# Explanation of density and floatation

1. Jun 18, 2012

### Thundagere

We know that an object with lower density than the medium it's in will float, and higher density will sink. Could someone provide proof of this in an equation format? I've been trying to use Bernoulli's theorem, but I feel like I'm doing something wrong.
Thanks.

2. Jun 19, 2012

### jbriggs444

Bernoulli's principle relates the pressure in a moving fluid to the velocity of a fluid. It has nothing to do with buoyancy.

Buoyancy works because the pressure of a [stationary] fluid varies according to the acceleration of gravity, the depth of the fluid and the density of the fluid.

I'm going to dumb this down a bit and hope that it makes intuitive sense...

Consider a shape that is partially immersed in water. Like a boat for instance. Ignore the part that extends above the surface of the water. The outline of the boat encloses a certain area on the surface of the water.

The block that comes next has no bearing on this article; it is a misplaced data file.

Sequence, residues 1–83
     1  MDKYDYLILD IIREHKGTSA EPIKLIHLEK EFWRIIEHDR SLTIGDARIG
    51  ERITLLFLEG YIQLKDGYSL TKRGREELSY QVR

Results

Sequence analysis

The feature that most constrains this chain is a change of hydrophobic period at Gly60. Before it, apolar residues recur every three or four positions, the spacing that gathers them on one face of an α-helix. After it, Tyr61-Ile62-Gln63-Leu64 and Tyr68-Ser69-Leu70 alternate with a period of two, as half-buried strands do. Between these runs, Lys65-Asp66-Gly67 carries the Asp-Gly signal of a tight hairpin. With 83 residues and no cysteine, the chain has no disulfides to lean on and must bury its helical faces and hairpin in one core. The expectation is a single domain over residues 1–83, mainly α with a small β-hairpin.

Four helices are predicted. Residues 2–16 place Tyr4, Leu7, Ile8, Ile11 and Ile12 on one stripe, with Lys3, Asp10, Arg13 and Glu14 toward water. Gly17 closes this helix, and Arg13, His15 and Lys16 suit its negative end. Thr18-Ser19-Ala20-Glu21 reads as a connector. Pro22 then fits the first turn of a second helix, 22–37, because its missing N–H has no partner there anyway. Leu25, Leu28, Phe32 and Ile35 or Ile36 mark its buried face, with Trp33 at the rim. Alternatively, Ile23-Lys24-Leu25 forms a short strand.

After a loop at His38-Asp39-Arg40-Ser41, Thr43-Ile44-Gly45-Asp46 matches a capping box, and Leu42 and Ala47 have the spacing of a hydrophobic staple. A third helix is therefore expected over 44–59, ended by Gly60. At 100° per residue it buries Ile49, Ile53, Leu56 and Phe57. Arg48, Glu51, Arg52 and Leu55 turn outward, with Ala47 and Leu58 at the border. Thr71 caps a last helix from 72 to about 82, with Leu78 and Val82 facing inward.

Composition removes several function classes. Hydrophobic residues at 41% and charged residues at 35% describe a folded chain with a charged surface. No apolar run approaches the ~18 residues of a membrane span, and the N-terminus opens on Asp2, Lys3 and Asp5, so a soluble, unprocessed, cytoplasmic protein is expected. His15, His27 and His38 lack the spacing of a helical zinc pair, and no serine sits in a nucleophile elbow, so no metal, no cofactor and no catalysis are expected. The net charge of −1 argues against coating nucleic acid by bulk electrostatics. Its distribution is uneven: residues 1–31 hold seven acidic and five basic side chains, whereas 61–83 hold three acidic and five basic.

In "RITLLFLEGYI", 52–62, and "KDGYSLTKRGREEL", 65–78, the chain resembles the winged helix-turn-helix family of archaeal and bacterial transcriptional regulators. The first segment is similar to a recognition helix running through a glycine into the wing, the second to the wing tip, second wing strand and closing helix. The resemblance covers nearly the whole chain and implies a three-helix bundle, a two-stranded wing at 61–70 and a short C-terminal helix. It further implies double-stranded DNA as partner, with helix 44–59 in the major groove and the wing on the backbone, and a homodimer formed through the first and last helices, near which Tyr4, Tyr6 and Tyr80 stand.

Take the integral of the depth of displaced water at each point within this outline times the incremental surface area at that point. [If you're not familiar with integral calculus, just slice the volume of the boat up into a lot of tiny vertical columns and add up their individual volumes]

Claim 1: This integral is equal to the volume of the water displaced by the boat.

Multiply by the density of the water.

Claim 2: This integral is now equal to the mass of water displaced by the boat.

Now multiply by the acceleration of gravity.

Claim 3: This integral is now equal to the weight of water displaced by the boat.

Consider the upward pressure from the water under each point on the boat.

The pressure at each point under the boat is equal to the depth at that point times the fluid density times the acceleration of gravity. Force over a particular incremental surface area on the boat's bottom is given by multiplying this pressure times the incremantal surface area. The _upward_ component of this force is given by multiplying this pressure times the corresponding horizontal area on the surface of the water.

Claim 4: Integrating this gives the total upward buoyant force on the boat.

Claim 5: This integral is exactly the same as the previous integral

Conclusion: The buoyant force on a [partially] submerged object is exactly equal to the weight of the displaced fluid.